Any of these efforts would likely accelerate MSFT’s revenue growth in 2021. The stock is currently trading at 11 times its sales per share, and analysts expect its revenue to grow 11% in fiscal 2021 and 2022.
How does MSFT stack up for the POWR Ratings?
A for Trade Grade
A for Buy & Hold Grade
B for Industry Rank
A for overall POWR Rating
The stock is also ranked #1 stock in the 98-stock Software - Application industry.
International Business Machines Corporation (IBM)
The next year is strategically important for IBM as the new CEO Arvind Krishna splits the 110-year-old IT beast by the end of 2021. IBM's brand name will be retained by the hybrid cloud services, while a New Company, which is still unnamed, will handle its managed infrastructure services.
So why this split? IBM stock has been declining for the last seven years, with its revenue falling for 17 straight quarters. It lost $23 billion in revenue between 2010 and 2019 and is expected to lose another $3 billion this year. In the third quarter, IBM’s overall revenue fell 2.6% year-over-year as 19% growth in cloud revenue was offset by an 11% decline in other segments.
Arvind Krishna noted that slimming down the company would help it better tap the $1 trillion hybrid-cloud opportunity. We think its timing is correct because enterprises are accelerating their move to the cloud. The new IBM could see double-digit revenue growth from recurring subscriptions revenue. The New Company will tap the $500 billion market opportunity in IT infrastructure management.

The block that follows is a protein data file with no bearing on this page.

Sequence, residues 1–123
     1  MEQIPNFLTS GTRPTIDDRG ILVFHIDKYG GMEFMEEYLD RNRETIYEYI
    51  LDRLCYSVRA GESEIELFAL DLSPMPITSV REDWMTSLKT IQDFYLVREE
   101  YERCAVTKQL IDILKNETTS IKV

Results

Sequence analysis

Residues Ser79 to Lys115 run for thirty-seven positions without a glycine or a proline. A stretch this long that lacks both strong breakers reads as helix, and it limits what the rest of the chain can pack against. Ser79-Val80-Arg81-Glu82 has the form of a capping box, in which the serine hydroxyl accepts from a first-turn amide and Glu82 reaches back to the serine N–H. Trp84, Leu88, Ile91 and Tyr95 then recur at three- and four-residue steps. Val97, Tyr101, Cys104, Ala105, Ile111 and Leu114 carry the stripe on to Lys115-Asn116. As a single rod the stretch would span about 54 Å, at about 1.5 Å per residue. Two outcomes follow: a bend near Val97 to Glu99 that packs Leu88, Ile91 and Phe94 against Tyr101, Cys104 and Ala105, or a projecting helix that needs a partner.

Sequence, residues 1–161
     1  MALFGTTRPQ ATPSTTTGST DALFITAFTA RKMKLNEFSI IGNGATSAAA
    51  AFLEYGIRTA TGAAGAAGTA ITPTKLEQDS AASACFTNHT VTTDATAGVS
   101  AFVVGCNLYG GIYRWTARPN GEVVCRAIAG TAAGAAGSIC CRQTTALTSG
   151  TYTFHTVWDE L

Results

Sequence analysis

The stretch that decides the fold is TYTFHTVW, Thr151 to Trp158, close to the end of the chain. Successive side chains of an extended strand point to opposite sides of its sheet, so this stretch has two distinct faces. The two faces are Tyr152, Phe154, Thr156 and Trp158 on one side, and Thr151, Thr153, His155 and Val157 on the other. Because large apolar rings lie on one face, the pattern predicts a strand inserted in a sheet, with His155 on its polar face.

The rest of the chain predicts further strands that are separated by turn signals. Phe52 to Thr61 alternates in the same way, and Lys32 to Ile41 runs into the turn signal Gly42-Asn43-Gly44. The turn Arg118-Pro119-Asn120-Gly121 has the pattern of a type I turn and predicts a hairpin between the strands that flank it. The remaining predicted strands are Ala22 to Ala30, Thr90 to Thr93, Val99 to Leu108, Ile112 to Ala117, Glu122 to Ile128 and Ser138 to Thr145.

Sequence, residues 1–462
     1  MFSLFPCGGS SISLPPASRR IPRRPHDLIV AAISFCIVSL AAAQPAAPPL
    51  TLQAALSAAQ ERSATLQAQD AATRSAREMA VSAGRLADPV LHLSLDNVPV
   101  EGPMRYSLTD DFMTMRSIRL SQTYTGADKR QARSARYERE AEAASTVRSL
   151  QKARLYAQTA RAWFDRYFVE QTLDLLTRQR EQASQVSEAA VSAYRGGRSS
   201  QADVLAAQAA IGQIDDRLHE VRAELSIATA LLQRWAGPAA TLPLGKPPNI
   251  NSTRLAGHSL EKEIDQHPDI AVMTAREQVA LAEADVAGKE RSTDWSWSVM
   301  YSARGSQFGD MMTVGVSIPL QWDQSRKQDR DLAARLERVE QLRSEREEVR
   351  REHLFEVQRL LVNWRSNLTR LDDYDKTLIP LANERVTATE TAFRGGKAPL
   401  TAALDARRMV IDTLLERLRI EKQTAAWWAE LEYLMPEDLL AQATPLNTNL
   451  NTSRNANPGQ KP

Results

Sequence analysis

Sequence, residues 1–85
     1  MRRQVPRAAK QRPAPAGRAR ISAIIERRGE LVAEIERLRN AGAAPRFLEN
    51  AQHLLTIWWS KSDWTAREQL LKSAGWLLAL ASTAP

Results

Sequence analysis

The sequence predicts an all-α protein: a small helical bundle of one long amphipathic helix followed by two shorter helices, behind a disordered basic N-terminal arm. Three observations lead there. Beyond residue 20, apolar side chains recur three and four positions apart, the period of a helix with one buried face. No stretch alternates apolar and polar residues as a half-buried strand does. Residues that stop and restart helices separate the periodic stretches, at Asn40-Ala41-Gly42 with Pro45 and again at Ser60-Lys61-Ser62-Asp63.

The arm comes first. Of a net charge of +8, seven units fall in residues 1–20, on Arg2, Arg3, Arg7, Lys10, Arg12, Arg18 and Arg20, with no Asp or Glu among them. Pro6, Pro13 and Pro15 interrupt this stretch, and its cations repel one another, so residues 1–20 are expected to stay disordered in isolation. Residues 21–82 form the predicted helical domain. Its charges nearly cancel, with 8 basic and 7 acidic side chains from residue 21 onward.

IBM stock is currently trading at 1.5 times its sales per share, and analysts expect its revenue to grow 1.1% next year. Investors could benefit from the split. Hence, IBM stock is rated “Buy” in our POWR Rating system. It also has an “A” for Trade Grade and a “B” for Industry Rank. In the 30-stock Technology - Hardware industry, it is ranked #13.
Workday, Inc. - (WDAY)
WDAY offers enterprise cloud applications for financial management, human resources, planning, spend management, and analytics. It serves around 45% of the Fortune 500 and 60% of the Fortune 50 companies. The company felt the impact of the pandemic and its revenue growth rate slowed to 18% in the third quarter of fiscal 2021 from 19.6% in the second quarter and 26% in the third quarter of fiscal 2020. Analysts expect its fiscal 2021 revenue growth rate to slow to 18.5% from 28.5% in fiscal 2020.
WDAY stock is currently trading at 13.5 times its sales per share, and analysts expect its revenue to grow 16% next year. As enterprises accelerate their transition to cloud solutions, we think WDAY could see its revenue growth also accelerate.
WDAY is rated a “Strong Buy” in the POWR Ratings. It holds straight “A” in Trade Grade and Buy & Hold Grade and a “B” for Industry Rank. It is also the #4 ranked stock in the Software - Application industry.
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MSFT shares were trading at $223.08 per share on Monday afternoon, up $4.49 (+2.05%). Year-to-date, MSFT has gained 42.96%, versus a 16.02% rise in the benchmark S&P 500 index during the same period.
About the Author: Puja Tayal
Puja is a seasoned writer working with financial publishing companies like Motley Fool Canada and Market Realist. With over 13 years of experience in the field of fundamental research, she brings a blend of comprehensive, well-researched insights into her articles.3 Top Cloud Stocks for 2021 Gains: Microsoft, IBM, and Workday appeared first on StockNews.com